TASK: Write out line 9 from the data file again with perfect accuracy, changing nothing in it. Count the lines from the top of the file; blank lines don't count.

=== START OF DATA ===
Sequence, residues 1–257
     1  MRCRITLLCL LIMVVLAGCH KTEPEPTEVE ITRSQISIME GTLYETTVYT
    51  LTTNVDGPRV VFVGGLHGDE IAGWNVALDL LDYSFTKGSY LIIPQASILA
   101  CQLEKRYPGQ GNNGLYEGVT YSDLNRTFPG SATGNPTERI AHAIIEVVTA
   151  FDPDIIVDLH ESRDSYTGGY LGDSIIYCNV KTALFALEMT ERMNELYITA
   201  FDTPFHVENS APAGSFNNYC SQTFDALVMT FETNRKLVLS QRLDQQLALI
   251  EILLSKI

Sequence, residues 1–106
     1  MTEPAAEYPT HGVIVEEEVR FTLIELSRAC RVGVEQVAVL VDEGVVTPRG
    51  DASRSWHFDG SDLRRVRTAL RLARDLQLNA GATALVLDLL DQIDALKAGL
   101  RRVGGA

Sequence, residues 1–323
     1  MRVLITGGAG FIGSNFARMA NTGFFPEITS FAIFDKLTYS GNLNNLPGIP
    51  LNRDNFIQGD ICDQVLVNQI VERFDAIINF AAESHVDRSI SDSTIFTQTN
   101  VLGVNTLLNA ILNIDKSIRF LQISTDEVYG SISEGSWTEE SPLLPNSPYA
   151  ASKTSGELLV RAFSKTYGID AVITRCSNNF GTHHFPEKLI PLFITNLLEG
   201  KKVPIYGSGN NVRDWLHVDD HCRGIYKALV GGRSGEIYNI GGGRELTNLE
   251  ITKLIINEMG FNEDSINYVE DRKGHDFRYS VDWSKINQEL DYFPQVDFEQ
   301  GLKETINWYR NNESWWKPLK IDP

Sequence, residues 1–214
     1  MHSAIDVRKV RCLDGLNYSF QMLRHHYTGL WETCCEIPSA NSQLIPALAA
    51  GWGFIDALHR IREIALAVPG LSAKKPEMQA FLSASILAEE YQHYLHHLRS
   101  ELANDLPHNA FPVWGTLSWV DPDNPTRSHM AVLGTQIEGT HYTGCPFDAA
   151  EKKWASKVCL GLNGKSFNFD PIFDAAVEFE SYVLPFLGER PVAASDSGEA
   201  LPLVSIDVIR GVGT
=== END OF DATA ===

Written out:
     1  MTEPAAEYPT HGVIVEEEVR FTLIELSRAC RVGVEQVAVL VDEGVVTPRG